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CAPITAL C is the first documentary about crowdfunding. It follows the hopes and dreams as well as the fears and pitfalls of a whole new generation of independent creators, who reach out to the crowd in order to change their lives forever.
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You often hear, especially successful entrepreneurs or CEOs, say "We sacrificed so much to get to this point." And if you're not them, or if you've never seen it done, you tend to believe that they're talking about, "Oh, we worked long nights," or, "We didn't see our families" or "It was really hard." When you hear someone say that after you've been through a successful startup, and you start to realize that those aren't the sacrifices they're talking about. They're talking about having ...
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A Fascinating Film about the Start-up World of 3-D Printing
Print the Legend was well-received in its world premiere at Austin's SXSW Film Festival. While I was expecting a film focused on a new technology, the high tech elements and the implications of the technology were really secondary to exploring the world of high tech start-ups in this new and potentially revolutionary technology. The film did that very well. It focused on interviews with the employees at two startup companies, MakerBot and Form Labs. The film did an excellent job of describing the process of taking a company from being a shoestring startup to being a real company and the many bumps that the founders and employees hit along the way. The interviews are well- filmed and really showed the fascinating interactions between personalities and businesses including many of the founders were pushed out by intra-personal conflicts.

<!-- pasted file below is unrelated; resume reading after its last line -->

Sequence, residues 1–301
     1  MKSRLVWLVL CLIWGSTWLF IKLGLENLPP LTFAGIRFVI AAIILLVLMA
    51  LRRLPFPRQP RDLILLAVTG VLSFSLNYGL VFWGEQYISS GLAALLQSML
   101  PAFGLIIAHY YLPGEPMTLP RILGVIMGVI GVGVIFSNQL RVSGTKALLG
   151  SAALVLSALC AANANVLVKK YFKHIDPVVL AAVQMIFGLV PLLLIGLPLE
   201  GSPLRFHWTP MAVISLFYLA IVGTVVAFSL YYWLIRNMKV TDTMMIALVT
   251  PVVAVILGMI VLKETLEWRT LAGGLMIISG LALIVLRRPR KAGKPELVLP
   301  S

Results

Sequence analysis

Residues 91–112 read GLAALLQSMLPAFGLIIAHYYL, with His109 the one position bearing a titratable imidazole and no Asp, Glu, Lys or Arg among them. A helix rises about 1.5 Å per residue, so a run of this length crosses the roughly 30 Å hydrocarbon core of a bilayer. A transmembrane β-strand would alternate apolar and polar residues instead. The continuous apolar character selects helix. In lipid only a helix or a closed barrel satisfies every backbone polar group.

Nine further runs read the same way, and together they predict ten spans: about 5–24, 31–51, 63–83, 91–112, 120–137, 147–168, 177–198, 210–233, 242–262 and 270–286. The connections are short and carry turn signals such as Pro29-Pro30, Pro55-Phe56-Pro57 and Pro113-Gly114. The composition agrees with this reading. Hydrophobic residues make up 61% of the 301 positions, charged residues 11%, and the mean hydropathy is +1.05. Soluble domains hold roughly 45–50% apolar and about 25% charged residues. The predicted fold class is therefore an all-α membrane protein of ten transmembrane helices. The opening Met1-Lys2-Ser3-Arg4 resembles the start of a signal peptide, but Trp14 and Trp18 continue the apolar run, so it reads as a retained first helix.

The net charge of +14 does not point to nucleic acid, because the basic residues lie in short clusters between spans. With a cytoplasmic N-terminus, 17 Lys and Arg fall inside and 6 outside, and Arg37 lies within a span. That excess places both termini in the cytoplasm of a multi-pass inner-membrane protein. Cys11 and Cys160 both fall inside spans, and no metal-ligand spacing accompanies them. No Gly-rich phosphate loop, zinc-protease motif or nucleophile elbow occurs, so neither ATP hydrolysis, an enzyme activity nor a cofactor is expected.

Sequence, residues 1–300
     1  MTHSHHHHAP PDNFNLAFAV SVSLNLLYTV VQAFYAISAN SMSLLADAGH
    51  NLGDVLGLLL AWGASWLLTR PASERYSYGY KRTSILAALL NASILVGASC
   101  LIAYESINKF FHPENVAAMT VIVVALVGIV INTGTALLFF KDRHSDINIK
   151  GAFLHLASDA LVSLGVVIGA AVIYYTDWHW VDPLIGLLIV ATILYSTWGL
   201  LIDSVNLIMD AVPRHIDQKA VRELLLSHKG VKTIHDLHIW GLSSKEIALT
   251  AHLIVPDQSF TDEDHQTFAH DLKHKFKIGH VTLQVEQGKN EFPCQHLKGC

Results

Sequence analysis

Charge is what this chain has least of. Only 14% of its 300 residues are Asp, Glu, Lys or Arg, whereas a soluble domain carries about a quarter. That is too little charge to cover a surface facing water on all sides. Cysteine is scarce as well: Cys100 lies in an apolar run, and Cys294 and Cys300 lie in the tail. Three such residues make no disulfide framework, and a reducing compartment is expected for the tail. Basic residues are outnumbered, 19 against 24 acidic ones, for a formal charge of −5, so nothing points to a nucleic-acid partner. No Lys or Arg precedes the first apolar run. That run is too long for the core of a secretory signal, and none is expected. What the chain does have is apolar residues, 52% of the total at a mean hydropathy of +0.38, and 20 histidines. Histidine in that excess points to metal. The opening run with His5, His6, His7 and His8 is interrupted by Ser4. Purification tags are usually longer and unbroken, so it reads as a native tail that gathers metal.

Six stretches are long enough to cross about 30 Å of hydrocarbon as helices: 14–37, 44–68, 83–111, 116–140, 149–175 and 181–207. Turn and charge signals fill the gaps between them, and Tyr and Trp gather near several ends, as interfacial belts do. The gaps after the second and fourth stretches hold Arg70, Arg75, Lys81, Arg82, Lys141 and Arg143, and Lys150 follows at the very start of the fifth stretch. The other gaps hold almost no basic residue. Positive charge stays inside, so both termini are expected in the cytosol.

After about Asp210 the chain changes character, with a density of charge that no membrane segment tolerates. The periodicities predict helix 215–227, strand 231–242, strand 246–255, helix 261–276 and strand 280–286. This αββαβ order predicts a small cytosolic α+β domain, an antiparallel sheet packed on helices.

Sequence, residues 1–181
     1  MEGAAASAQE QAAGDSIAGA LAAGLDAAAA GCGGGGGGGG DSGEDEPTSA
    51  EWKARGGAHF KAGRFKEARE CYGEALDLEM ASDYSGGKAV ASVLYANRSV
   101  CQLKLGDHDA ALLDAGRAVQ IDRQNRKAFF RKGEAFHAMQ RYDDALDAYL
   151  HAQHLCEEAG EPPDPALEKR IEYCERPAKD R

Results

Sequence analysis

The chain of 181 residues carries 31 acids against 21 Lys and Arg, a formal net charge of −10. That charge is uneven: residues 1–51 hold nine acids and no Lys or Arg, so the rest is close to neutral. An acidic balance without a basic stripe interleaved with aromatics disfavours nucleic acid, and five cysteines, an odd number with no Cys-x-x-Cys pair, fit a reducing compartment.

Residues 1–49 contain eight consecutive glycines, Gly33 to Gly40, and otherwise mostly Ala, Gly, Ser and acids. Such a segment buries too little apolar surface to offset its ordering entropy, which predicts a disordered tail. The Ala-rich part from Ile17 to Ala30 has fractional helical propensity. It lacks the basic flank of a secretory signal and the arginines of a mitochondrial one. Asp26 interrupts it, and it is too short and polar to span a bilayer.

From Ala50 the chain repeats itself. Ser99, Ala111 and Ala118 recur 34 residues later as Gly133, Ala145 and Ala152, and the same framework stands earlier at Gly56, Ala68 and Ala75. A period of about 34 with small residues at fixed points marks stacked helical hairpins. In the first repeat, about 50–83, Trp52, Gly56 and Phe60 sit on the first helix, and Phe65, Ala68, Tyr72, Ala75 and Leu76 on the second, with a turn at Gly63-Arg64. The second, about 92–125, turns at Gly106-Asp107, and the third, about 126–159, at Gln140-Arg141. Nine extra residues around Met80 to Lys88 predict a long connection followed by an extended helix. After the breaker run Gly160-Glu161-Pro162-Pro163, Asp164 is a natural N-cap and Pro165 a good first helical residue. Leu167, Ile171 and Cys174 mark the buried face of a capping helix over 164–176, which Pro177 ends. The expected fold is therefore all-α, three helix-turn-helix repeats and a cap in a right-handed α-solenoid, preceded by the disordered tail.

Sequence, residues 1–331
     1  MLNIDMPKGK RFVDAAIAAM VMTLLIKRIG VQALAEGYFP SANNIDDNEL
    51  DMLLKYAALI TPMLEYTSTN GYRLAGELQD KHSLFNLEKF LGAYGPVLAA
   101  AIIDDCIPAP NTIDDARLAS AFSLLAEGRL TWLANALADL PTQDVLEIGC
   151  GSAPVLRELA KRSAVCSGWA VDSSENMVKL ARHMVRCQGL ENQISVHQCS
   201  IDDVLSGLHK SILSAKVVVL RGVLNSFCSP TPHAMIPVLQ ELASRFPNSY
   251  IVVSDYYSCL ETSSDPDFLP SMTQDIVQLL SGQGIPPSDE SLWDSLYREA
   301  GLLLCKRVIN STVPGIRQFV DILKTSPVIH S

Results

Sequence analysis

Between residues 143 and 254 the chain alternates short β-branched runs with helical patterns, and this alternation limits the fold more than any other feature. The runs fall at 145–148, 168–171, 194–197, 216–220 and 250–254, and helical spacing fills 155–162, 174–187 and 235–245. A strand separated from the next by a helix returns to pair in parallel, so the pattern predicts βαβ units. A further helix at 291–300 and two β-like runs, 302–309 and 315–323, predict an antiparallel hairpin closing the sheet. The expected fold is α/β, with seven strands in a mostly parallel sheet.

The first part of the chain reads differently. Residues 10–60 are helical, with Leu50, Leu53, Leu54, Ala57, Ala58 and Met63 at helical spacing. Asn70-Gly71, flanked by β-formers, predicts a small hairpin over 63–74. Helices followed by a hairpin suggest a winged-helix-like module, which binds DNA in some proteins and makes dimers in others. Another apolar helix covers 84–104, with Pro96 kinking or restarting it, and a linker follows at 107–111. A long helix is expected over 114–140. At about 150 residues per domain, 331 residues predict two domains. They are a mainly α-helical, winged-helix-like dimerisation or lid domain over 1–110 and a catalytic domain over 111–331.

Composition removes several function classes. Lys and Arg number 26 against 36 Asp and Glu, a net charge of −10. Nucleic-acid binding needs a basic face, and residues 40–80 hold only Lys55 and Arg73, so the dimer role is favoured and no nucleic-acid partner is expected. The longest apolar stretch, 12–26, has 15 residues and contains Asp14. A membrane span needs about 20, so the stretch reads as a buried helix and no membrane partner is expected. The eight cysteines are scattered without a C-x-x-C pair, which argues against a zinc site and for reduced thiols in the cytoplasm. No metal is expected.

Although not mentioned directly in the film directly, an important issue raised in the Q&A was the degree to which the startups were overwhelming populated by white males. The subjects from the film that attended the screening indicated that they were concerned about the issue and were attempting to address it.
The inclusion of the creepy Austin-based anarchist Cody Wilson who caused an international controversy in 2012 by printing 3D guns added an interesting subplot and some local color for the Austin audience. Wilson's bizarre efforts to print weapons raised serious questions about the ethical limits of the technology and forced the companies to seriously consider perhaps for the first time the moral implications of the technology were creating. This was an important element of the film, because it did move it beyond the metrics of success and profit into the realm of considering the societal impact of their work. Oddly, while Wilson was present at the post-screening Q&A, no one in the audience chose to ask him any questions. Perhaps, they just thought he wasn't worth engaging.
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